Between the Tea Party and the general distaste for more taxation and government spending, it might be bad year to be proposing…taxing and spending.
As I noted on Labor Day, Mark Dayton’s tax-hike-based budget plan is very likely dead on arrival at the legislature. My rationale at the time was that Dayton’s tax hike was ten times the size of the increase that the DFL managed to pass by a single vote (Tarryl Clark’s, as luck would have it), when they had overwhelming control of both chambers of the legislature, at the height of Obama mania in one of the most ostensibly liberal states in the nation. Will they get ten times the money out of a legislature that is much more conservative, maybe with a flipped chamber, and an electorate that is just not buying more spending?
According to MPR, even some DFLers aren’t buying it:
DFL candidate former U.S. Sen. Mark Dayton wants to raise income taxes on upper earners, but you won’t hear about it from some DFL legislative candidates.
You also don’t hear “Democrat” or “DFL” from some of them. But I digress.
Some are also promising to vote against the proposed income tax increase if Dayton is elected governor.
“I don’t talk about that,” said DFL state Sen. Terri Bonoff of Minnetonka, who spent a recent afternoon knocking on doors in in Plymouth, a mostly Republican area of her suburban district.
Bonoff is a moderate Democrat, and she said her re-election bid depends on the support of independents and some Republicans.
It’s not that Bonoff is against tax hikes, of course:
“I have a lot of respect for Mark Dayton. But I have my views about what we ought to do with regard to taxes, and it’s not about protecting the rich,” she said. “It’s about right now we have too much reliance on the income tax, and as the demographics change in our state and our folks are getting out of the workplace, more and more seniors, they don’t have that kind of income stream.
“If we’re too reliant on the income tax, I think we’re going to find ourselves in this same mess three years from now.”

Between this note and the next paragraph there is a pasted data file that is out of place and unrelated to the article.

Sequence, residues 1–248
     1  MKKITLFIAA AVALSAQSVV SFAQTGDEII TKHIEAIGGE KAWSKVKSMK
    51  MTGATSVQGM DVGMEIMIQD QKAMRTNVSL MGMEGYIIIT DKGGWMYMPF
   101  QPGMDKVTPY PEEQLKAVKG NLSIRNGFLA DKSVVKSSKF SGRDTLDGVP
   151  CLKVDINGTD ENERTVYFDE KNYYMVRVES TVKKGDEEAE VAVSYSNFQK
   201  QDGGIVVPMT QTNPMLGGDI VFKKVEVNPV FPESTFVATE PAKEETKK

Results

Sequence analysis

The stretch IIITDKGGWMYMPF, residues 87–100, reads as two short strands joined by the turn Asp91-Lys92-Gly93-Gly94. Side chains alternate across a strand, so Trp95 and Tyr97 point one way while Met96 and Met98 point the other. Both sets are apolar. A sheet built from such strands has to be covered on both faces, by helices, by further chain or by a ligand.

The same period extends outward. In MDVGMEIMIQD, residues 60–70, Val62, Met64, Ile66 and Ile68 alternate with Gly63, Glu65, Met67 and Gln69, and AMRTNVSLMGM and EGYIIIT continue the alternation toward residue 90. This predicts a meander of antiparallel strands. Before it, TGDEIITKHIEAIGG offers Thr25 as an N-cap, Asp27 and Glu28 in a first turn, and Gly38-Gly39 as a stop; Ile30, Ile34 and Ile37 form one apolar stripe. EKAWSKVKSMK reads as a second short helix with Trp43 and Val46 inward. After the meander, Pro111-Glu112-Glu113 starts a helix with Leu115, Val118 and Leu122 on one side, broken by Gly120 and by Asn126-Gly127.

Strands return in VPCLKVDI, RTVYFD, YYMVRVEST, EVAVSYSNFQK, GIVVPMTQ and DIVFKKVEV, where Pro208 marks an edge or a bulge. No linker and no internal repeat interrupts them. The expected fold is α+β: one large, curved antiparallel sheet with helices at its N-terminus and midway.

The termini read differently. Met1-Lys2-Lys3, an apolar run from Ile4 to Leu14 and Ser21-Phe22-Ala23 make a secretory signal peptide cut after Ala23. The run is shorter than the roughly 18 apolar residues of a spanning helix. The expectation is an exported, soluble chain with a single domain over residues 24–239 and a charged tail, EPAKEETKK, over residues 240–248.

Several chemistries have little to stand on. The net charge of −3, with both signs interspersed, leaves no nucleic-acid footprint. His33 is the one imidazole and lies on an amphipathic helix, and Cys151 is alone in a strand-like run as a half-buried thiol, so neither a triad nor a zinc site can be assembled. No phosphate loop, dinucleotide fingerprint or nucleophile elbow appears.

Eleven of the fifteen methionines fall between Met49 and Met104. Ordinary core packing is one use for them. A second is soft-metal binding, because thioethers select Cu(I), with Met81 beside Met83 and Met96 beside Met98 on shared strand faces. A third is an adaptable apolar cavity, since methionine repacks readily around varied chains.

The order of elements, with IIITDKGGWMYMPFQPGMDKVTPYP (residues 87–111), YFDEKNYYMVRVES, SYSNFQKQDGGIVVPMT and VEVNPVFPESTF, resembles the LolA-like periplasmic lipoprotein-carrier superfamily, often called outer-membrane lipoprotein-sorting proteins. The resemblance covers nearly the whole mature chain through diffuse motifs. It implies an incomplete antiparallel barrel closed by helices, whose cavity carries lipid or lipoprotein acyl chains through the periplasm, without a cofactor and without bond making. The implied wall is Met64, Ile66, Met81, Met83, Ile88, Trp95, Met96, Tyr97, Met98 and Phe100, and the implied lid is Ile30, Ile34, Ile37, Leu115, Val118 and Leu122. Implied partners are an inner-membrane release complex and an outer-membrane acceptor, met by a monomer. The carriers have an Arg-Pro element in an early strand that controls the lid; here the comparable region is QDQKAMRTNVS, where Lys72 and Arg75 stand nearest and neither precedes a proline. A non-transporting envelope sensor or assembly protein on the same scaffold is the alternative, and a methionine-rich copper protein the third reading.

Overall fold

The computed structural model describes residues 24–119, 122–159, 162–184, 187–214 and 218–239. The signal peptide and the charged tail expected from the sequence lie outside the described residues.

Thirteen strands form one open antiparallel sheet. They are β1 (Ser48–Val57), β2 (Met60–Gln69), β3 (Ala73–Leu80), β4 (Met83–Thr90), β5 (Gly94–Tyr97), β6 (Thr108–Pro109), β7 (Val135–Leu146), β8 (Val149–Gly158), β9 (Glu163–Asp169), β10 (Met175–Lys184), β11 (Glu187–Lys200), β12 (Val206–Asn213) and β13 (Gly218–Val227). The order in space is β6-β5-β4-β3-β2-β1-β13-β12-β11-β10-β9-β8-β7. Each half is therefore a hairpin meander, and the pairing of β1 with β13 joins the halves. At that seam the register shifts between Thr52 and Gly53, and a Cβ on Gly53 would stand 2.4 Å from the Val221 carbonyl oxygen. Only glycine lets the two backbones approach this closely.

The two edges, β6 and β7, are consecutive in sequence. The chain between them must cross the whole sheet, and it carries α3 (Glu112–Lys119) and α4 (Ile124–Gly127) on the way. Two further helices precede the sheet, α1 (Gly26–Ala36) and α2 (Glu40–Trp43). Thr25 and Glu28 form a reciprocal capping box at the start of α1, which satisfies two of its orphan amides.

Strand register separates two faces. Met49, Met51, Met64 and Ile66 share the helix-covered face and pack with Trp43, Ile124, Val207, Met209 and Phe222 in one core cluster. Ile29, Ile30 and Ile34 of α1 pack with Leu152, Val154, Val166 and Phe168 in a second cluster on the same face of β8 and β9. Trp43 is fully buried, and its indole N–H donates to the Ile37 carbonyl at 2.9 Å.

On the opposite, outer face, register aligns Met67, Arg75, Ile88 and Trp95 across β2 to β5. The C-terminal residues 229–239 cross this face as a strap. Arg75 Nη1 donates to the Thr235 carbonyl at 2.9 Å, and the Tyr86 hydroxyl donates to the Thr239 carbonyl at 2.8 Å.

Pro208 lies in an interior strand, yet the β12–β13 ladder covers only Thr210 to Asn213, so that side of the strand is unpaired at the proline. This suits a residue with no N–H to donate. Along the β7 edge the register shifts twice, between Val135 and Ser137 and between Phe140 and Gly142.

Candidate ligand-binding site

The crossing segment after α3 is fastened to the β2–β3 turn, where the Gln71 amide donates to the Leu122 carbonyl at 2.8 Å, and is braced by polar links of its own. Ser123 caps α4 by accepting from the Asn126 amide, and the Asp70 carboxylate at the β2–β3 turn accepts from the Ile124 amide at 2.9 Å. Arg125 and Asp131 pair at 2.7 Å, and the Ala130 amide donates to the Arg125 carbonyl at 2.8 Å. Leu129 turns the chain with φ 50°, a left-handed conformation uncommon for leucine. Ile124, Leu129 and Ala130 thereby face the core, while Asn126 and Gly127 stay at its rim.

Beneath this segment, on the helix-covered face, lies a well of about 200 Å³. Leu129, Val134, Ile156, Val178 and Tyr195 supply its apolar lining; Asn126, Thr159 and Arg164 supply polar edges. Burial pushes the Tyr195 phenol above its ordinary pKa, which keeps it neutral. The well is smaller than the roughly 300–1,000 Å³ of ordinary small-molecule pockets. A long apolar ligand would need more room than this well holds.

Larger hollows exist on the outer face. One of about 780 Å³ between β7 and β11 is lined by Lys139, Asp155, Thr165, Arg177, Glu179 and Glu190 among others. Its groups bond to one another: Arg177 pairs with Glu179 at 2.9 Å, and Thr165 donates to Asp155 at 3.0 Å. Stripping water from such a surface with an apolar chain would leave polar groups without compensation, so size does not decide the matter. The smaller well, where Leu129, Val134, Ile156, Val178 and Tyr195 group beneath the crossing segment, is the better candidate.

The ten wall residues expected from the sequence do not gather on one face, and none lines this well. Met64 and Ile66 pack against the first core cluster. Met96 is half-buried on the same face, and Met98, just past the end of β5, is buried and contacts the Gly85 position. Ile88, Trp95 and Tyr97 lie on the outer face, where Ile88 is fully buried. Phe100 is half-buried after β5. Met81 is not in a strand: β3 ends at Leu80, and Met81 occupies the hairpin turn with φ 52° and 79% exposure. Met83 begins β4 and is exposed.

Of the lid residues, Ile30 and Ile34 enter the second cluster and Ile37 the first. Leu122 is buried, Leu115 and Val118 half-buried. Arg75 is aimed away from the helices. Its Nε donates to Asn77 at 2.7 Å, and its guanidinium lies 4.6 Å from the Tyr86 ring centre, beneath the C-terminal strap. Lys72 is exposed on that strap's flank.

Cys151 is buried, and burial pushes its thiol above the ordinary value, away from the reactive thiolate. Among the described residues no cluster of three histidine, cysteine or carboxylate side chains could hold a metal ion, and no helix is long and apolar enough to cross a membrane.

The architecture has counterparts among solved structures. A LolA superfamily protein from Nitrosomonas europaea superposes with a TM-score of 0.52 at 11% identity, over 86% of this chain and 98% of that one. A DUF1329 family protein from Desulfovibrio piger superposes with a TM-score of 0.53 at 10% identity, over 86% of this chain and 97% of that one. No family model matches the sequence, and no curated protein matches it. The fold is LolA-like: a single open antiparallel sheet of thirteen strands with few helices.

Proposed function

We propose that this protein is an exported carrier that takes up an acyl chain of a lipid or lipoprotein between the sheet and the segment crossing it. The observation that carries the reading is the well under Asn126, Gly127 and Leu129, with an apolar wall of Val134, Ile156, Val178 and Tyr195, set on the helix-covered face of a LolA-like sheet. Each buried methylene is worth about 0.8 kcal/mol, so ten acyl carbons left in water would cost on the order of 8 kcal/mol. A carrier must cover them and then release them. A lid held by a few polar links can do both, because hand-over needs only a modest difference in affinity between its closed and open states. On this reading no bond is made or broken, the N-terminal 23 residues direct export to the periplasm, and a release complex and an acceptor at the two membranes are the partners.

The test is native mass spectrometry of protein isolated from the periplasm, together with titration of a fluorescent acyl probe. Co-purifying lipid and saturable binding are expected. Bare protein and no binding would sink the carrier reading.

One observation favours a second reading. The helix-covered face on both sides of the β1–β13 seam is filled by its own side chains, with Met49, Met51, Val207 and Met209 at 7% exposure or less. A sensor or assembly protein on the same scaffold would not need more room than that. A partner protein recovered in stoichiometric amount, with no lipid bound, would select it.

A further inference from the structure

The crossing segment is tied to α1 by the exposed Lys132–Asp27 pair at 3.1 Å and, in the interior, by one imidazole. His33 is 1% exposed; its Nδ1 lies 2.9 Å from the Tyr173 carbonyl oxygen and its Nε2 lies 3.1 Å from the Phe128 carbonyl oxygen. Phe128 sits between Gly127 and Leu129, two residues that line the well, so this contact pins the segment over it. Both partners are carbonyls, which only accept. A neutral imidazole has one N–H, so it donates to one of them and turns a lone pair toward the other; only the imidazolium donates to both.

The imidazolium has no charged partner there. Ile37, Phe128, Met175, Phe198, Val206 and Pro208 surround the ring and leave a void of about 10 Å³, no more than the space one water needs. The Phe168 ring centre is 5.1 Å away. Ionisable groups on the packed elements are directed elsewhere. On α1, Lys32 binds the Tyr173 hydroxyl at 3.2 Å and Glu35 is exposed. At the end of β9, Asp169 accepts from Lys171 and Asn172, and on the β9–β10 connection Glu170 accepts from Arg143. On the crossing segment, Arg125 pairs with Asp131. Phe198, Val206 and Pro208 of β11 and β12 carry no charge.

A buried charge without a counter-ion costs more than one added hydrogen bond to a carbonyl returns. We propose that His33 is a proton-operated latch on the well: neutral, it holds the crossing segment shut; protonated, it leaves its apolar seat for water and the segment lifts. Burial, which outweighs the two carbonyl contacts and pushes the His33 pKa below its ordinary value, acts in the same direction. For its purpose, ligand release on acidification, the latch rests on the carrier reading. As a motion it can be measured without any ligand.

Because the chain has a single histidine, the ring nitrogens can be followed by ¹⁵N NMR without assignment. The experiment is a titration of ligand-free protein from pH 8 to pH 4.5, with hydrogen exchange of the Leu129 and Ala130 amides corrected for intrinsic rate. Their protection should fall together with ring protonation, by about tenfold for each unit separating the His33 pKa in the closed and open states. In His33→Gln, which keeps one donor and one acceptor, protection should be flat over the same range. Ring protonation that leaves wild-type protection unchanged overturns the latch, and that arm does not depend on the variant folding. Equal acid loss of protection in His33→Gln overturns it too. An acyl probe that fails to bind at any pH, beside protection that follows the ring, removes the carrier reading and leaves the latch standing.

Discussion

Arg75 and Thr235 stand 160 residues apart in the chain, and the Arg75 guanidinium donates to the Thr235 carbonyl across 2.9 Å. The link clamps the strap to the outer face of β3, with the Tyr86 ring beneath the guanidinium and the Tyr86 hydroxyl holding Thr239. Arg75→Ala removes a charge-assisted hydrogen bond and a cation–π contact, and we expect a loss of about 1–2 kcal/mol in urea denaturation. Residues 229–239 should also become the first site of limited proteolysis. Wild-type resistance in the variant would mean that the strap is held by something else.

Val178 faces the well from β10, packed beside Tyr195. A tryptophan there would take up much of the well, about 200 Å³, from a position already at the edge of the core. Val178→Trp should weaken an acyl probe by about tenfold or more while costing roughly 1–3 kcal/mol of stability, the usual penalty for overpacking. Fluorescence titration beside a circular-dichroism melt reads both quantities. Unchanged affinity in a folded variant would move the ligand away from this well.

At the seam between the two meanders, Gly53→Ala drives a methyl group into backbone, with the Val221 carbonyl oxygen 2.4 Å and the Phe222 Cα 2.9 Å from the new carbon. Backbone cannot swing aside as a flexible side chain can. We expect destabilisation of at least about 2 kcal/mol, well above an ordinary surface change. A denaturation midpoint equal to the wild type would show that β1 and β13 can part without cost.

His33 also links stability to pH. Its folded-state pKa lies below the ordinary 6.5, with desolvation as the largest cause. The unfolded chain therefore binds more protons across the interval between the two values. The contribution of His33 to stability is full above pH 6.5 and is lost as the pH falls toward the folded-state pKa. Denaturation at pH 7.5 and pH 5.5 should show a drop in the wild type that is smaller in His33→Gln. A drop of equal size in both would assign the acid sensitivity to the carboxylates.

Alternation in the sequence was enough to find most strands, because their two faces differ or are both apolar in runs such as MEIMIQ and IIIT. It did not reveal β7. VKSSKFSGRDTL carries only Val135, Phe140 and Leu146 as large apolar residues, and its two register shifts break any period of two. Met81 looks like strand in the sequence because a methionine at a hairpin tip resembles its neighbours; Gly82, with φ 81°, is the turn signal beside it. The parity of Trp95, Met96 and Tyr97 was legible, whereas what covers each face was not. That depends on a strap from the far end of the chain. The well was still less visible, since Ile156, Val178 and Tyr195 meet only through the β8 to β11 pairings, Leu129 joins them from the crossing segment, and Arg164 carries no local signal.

The DFL opposition seems to be largely coming from districts that should be GOP, but went DFL during the ’06 and ’08 elections, which were terrible for Republicans. One of those is Kathy Saltzman, who won her seat in largely-Republican Woodbury in 2006:
The concern is similar in the east metro suburbs. Sen. Kathy Saltzman, DFL-Woodbury, who’s locked in a tough re-election fight, also stresses her independence on tax issues. She’s voted against previous attempts to raise income taxes on upper earners.
Saltzman hasn’t endorsed a candidate for governor, but she’s met with Dayton and Horner. Saltzman said she asked Dayton to be open to other tax ideas, not just taxing the rich.
“I believe that it’s not about targeting one group or one group of services,” she said. “We really should be looking at an overall tax reform policy. That would be the most responsible way to approach this.”
It’s not that they’re deserting the DFL, naturally…:
Saltzman said Republican Tom Emmer’s cuts-alone approach to the budget is unrealistic. She favors a balanced approach that includes some revenue, and is open to a sales tax expansion as part of a broader reform of the tax code.
But Saltzman said she will not support the Dayton tax plan. “It will be very difficult to get it by me. I would say he won’t get it by me. He will note get my vote,” she said.
The Dayton Tax “Plan” will never see the light of day, if Dayton is elected.
Electing Dayton would be a complete waste of time.